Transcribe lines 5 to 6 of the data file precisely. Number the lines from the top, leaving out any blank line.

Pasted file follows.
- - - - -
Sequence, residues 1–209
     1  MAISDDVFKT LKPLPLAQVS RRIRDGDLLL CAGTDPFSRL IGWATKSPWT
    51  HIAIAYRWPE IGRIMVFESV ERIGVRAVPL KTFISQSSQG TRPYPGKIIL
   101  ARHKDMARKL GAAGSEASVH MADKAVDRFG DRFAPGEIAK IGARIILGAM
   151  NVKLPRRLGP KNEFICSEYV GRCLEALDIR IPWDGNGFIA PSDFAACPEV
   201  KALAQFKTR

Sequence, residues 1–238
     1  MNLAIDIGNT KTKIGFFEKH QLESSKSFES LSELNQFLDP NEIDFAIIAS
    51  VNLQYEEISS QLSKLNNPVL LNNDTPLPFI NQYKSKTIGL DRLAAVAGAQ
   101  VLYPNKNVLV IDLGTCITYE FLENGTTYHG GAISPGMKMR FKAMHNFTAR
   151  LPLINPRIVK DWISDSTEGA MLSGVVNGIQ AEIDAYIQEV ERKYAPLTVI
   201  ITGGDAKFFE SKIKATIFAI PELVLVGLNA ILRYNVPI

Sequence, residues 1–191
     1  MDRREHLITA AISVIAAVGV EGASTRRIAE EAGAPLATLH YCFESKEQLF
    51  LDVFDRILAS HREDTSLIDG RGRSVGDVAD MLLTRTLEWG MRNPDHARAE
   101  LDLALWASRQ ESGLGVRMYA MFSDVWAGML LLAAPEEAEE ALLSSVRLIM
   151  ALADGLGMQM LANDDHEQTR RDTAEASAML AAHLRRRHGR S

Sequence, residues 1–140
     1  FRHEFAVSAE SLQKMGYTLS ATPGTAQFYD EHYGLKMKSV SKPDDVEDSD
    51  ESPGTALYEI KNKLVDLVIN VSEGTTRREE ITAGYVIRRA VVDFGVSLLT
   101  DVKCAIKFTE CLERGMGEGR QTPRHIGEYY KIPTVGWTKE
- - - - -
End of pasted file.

   151  NVKLPRRLGP KNEFICSEYV GRCLEALDIR IPWDGNGFIA PSDFAACPEV
   201  KALAQFKTR